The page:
The deepness of the color blue reminded me of the ocean on a sunny day.
—Francesco GennariTranslated from Italian by Marguerite Shore.
The deepness of the color blue reminded me of the ocean on a sunny day. The blue expanses of an illuminated sign with the word SWEAT formed a sort of ocean canopy. The feeling was like walking on the frozen peak of a waterfall. But was it really blue? I tried to find the color in the sign, but I didnt, and the blue wasnt even a single shade. The sign was superimposed on a sign that was also superimposed on a sign, a sign that was also superimposed on a sign, a sign that was also superimposed on a sign, a sign that was also superimposed on a sign, a sign that was also superimposed on a sign, a sign that was also superimposed on a sign. The whole scene was a kind of photorealist painting, a process of elimination that emphasized the elements that remained and that were already eliminated. Both the sign and the sign superimposed on each other, but the former was erased. You could hardly see where the word was even coming from, and it was all there. The edge of the sign was its own edge, and you couldnt really touch it. The sign was invisible.The next work was more elaborate, and it took over the whole gallery. The sign, which appeared to be the end of a long line of signs, was cut into an awkward, ragged line. It was completely exposed to view, yet only from the back, where the outer line disappeared. To the right, a piece of the outer line was visible through a window. To the right, a piece of the inner line disappeared through another window. The work took over a space that had been private, a sacred, borderline space, the past, the present, the future. Yet the work took over the space as well, and it was now part of the public space. The work seemed real, despite the change of its actual dimensions, yet the distance and the reification of the work was also beautiful.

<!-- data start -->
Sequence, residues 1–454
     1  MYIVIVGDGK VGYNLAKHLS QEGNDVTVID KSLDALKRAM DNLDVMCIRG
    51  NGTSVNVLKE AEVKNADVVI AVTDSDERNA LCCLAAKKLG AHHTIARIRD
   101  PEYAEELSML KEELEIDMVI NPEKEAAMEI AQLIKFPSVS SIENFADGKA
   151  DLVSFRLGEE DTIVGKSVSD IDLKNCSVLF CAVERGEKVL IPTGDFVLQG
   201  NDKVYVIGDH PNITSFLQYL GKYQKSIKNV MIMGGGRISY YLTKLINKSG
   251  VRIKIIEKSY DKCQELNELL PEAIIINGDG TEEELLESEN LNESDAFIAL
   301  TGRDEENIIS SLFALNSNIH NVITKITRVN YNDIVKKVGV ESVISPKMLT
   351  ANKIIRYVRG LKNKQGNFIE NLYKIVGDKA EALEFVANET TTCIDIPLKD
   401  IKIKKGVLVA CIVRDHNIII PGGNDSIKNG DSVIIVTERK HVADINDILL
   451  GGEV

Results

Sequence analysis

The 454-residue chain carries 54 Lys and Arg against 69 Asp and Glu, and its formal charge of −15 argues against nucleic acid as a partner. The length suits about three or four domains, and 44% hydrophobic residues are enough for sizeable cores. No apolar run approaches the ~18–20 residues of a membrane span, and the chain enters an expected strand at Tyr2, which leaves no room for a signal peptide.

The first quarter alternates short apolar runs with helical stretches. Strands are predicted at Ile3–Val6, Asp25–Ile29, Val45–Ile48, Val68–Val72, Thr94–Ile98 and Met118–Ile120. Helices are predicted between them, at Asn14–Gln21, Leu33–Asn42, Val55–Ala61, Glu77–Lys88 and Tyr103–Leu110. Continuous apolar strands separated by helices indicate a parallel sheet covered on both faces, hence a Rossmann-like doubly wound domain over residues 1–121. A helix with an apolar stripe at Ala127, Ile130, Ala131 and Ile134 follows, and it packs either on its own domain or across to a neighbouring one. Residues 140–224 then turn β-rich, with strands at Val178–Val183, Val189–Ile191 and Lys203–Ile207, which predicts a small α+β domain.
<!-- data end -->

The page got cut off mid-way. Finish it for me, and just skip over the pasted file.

The deepness of the color blue reminded me of the ocean on a sunny day. For me, its the most beautiful and melodious of all the colors. It feels like it really resonated, and very mysterious, and yet somehow it never really did. When I painted it last, I couldnt quite figure it all. It was just too overwhelming, and I couldnt quite make it all look like the ocean. There are so many elements that could be part of my statement, but the process has already been stated many times, and I feel like Ive already said it, and it would be easier to state. The sea is not, in fact, the only thing in the painting that the viewer can look at. And of course the red, the blue, the sea are all there. Again, the same colors as in the ocean, but not the same colors. In other words, the paintings are not just paintings. They are representations.This shows me to be more than just a painter. It shows me to be a visionary artist as well, and to know something, at least, of what it is to be an artist. The paintings show something beyond myself, something that could be expressed and experienced. They point toward the unknown, toward experiences that could be experienced. At the same time, they reveal an openness to the idea that is impossible to convey through paint. They are also stories. One could say that they are stories about dream images, visions of visions, of visions of dreams. That would be incorrect, though. Theres nothing fantasy, nothing sentimental about them. They are realities of the world, of what we are. But these realities also point toward an unknown. Some of the paintings are abstractions. Others are elements from a series of photographs, in which the model is seen from the shoulder, the stand in front of the canvas very high up. The colors, the styles, the poses, and the lighting—everything is contained within the canvas. The red is actually very hard to look at.